Other points to consider:
Level of education and training. Psychiatrists are Medical Doctors (MD). Only psychiatrists can prescribe medication. In fact, most psychiatrists no longer do talking therapy and do 15-minute medication sessions instead. Psychologists hold either a PhD (Doctor of Philosophy), PsyD (Doctor of Psychology) or EdD (Doctor of Education) and have at least two times the course hours and supervised training hours of Masters level clinicians.
Masters level clinicians have either an MA (Master of Arts), MS (Master of Sciences), LMHC (Licensed Mental Health Clinician), MFT (Marriage and Family Therapist), MSW (Master of Social Work) or LICSW (Licensed Independent Clinical Social Worker). Most of these programs are under 2 years and they’ve far less supervised training hours. Furthermore, in my experience, there’s a reason for the negative “man-hating” social worker stereotype. Caveat emptor.
Faith-based counselors. If you want to divorce your abusive spouse, you should probably avoid christian counselors. Typically they advise you to practice forgiveness, turn the other cheek, remind you of the vows you took before God and encourage you to pray with your abusive spouse. Unfortunately, prayer doesn’t “cure” BPD or NPD. Unlesss you want to be the sacrificial lamb to your wife’s/girlfriend’s pathology, I’d find a secular counselor.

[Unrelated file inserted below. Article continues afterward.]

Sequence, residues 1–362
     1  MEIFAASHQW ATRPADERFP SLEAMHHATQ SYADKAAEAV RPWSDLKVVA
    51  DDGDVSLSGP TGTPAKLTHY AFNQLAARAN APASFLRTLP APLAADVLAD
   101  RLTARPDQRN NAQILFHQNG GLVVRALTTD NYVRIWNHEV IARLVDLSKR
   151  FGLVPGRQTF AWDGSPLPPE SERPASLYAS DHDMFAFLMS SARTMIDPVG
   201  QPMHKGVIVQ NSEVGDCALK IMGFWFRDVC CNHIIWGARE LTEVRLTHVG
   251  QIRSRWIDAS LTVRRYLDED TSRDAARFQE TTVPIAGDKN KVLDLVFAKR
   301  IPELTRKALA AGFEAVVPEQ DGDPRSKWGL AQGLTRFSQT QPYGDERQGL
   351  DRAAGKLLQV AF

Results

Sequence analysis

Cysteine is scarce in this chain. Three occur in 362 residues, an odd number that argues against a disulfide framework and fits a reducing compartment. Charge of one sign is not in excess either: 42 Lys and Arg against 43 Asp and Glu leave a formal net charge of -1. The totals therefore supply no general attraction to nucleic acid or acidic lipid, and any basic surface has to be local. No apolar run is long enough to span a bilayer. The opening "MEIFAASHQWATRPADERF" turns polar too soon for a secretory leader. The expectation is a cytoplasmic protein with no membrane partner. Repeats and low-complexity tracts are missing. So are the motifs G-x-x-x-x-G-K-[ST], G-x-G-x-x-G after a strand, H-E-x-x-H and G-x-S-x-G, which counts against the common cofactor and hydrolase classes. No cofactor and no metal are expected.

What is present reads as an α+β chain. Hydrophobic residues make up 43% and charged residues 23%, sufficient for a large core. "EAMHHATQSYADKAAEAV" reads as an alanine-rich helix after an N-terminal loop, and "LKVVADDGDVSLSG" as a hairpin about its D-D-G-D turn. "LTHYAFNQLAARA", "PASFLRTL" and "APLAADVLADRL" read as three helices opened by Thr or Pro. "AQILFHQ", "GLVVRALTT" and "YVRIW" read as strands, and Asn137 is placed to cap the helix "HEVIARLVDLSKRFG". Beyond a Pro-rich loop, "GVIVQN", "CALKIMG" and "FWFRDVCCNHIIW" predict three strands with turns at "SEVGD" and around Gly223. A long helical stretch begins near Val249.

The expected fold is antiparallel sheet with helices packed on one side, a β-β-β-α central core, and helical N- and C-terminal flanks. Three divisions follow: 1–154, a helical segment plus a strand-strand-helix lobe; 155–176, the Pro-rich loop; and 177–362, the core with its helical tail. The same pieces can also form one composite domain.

Therapeutic style. I suggest you also base your choice on therapeutic style. For example, do you want a more active therapist or one who primarily listens and asks questions to help you reach your own answers? Do you want a therapist who works with you to develop solutions or one that lets you develop the solutions on your own? Do you want someone who is more insight driven (i.e., psychodynamic) or learning and task-oriented (cognitive-behavioral)? Do you want someone who’s very nurturing or more confrontational?
It’s really the luck of the draw and being very clear about what you want in the therapeutic relationship. Don’t be afraid to ask potential therapists about their theoretical orientation and their working style. It’s important that you find a shrink that’s a good fit for you otherwise you’ll never reach the level of trust and comfort necessary to do the work.
In closing, I’d like to share a therapy anecdote one of my readers emailed awhile back. It’s priceless:
I’m going to marriage counseling with my wife now, and the therapist keeps saying “it takes 2 to tango” and is trying to find things that I did wrong. She started off with “you were part of this marriage, so you must take some responsibility.” When I rejected that, she back pedaled and said that “you should have left earlier.” I told her how ridiculous that was because it’s blaming the victim, and she replied, “Do you want to be a victim?” “No,” I told her, “that’s why I’m leaving.”
by Dr Tara J. Palmatier, PsyD